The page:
Many of our readers are active users of online banking. It’s why we thought it would be a good idea to revisit the topic of online banking security. Per the Federal Reserve’s Consumers and Mobile Financial Services 2016 report, 71 percent of bank customers use online banking. It’s important we all continue to be vigilant when it comes to our personal identity and financial security. With that in mind, let’s take a look at three top best practices that have become must-dos for online banking security.
1. Change passwords monthly
No one needs reminding that passwords need to be complex, long, and a mixture of numbers, letters, and characters. In addition, you may find it a good idea to follow what banks do. Consider changing your bank login password at the beginning of every month.
2. Use two-factor authentication for account sign in
Have you heard of two-factor authentication? If you have a Gmail account, you may be familiar with this extra layer of security. In addition to your username and password, you can have a unique password sent to your smartphone in the form of a text message. Not all banks provide this option. If it is available, do it.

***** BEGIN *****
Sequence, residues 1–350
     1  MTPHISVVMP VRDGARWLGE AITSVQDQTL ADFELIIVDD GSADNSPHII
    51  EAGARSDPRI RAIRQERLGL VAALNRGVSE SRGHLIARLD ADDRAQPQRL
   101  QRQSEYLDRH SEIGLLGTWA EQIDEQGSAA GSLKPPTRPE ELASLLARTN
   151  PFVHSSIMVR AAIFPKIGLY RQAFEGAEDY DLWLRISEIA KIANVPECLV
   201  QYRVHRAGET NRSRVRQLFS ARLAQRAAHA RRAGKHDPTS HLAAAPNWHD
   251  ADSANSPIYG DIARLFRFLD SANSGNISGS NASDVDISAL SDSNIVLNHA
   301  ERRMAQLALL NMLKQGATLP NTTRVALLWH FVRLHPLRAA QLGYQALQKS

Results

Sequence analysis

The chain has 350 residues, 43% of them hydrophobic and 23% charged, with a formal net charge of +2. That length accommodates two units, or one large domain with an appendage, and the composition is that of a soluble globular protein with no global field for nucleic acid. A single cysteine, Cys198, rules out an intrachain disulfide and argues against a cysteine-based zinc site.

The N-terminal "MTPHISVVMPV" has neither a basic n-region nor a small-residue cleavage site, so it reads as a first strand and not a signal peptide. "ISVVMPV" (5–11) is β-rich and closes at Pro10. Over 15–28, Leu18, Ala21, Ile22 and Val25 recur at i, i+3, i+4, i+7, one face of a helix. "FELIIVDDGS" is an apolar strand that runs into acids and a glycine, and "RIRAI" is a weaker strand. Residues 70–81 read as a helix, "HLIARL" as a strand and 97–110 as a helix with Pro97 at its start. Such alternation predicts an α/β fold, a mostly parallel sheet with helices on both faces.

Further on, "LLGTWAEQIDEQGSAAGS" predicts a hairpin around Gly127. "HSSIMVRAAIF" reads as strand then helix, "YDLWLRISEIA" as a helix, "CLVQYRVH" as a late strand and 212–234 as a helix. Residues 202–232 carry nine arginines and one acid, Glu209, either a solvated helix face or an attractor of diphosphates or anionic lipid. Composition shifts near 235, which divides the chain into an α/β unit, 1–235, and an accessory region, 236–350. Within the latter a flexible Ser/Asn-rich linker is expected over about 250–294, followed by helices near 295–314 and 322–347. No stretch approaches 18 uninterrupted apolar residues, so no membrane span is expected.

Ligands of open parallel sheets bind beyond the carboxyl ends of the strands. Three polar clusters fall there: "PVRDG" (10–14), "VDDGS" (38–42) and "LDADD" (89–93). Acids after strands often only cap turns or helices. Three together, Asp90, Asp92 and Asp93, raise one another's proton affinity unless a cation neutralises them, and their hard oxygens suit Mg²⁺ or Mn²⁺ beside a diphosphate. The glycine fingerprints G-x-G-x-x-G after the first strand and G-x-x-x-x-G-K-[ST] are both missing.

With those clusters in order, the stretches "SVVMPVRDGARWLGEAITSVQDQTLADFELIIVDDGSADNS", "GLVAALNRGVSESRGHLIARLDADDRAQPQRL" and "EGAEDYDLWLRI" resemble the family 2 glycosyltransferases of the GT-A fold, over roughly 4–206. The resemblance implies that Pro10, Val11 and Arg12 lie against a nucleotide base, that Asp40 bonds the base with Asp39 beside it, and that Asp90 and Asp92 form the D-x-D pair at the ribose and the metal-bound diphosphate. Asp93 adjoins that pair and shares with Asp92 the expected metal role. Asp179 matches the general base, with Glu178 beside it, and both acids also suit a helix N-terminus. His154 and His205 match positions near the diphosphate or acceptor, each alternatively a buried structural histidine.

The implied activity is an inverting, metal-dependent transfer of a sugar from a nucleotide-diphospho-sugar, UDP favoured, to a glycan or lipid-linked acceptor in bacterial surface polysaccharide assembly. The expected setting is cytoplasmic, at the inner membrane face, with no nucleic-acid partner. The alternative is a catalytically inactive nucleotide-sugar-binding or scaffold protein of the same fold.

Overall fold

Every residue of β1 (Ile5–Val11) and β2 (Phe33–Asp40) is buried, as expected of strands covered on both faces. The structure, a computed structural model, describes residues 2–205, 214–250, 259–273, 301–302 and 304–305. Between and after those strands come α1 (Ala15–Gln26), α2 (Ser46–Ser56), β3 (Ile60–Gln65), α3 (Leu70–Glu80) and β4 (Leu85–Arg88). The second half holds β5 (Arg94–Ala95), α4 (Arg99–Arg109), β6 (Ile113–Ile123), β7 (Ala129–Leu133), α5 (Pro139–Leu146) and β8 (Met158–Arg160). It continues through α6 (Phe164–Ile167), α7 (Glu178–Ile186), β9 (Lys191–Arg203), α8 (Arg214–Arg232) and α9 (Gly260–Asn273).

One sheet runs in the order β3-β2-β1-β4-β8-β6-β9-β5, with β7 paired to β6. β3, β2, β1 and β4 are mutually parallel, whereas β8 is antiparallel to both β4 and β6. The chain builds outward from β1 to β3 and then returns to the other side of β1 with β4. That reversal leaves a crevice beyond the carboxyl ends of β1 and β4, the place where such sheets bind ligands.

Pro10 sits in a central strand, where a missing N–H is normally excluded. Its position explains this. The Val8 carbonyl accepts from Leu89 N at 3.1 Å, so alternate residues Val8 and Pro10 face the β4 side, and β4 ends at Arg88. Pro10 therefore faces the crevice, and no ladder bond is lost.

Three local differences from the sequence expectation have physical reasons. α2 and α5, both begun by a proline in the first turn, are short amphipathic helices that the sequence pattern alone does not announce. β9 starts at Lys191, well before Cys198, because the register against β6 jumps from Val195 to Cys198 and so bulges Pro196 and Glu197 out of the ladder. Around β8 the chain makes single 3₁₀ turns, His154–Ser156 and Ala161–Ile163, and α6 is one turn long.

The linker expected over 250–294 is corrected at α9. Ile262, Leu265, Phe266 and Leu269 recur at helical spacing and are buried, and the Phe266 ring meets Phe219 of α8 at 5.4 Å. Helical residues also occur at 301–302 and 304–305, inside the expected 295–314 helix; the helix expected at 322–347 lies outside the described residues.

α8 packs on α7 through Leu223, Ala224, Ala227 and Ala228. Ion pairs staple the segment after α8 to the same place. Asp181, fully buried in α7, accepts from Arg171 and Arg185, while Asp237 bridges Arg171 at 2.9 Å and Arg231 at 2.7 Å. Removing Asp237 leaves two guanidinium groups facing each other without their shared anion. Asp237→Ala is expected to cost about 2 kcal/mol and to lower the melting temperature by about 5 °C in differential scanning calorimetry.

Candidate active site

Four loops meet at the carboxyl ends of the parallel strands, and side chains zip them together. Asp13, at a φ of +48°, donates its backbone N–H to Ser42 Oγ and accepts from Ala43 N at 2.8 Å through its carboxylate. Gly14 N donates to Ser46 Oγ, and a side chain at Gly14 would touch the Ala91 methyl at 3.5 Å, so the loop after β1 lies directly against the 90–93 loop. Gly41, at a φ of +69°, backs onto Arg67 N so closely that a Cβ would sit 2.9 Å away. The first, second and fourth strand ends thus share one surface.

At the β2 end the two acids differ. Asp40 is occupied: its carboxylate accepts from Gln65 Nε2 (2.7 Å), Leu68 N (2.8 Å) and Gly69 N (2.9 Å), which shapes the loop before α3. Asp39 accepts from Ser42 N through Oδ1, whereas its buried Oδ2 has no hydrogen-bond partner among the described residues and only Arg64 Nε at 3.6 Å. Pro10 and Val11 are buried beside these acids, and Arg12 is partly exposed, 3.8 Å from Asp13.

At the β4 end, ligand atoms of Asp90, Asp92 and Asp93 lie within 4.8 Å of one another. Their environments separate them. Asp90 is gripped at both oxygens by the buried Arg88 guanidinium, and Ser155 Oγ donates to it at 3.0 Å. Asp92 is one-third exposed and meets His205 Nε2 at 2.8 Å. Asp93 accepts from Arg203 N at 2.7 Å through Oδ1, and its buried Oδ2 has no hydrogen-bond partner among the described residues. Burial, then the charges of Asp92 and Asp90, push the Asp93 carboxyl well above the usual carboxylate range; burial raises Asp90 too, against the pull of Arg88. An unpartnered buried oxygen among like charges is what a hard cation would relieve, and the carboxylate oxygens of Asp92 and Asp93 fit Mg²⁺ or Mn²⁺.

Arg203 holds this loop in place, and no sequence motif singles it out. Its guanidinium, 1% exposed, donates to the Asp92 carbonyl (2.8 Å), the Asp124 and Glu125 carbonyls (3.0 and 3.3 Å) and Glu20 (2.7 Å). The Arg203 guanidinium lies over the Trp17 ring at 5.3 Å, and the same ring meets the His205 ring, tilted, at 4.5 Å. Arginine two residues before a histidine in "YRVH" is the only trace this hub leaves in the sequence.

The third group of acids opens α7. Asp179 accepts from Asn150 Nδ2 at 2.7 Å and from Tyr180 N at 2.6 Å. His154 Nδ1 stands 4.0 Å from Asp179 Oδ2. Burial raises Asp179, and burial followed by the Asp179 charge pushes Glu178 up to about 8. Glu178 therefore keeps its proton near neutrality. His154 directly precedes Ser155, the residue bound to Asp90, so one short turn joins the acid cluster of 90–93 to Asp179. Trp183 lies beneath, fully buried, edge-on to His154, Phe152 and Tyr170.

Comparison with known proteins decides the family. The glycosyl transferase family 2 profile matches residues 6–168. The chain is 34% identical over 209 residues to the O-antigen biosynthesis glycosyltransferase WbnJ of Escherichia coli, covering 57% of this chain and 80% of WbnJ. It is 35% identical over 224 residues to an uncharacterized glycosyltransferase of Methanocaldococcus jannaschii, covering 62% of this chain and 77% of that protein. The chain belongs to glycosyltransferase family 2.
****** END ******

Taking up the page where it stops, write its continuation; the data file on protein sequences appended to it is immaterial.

3. Look to see the network and website are secure
When submitting information like usernames, passwords, and personally identifiable information through the Internet, it needs to be encrypted. There are several “signs” that show you that precautions have been taken to make a website secure. These are as follows:
√ A padlock symbol should be seen at the beginning of the URL in your browser.
√ The padlock symbol and website name should be green.
√ The URL address should begin with “https” to show that it is a secure website.
In today’s financial world, handling transactions online is standard operating procedure. It’s why money smart consumers need to know everything they can about online banking security. In today’s Post, you will find additional articles and resources listed in our Tips to Read, Homework, and Optional Homework.
We appreciate you sharing today’s Post with family and friends. The only way to prevent identity theft and secure banking transactions is through knowledge.
Tips to Read:
How to Make Online Banking More Secure, by Margarette Burnette, NerdWallet, June 21, 2016
If you haven’t taken the time to review or revisit the many blogs we have available in our Banking category, stop by and check them out. We encourage you to also look specifically at the following blogs:
How Federal Laws and Industry Practices Limit Losses From Cyberattacks, FDIC Consumer News – Winter 2016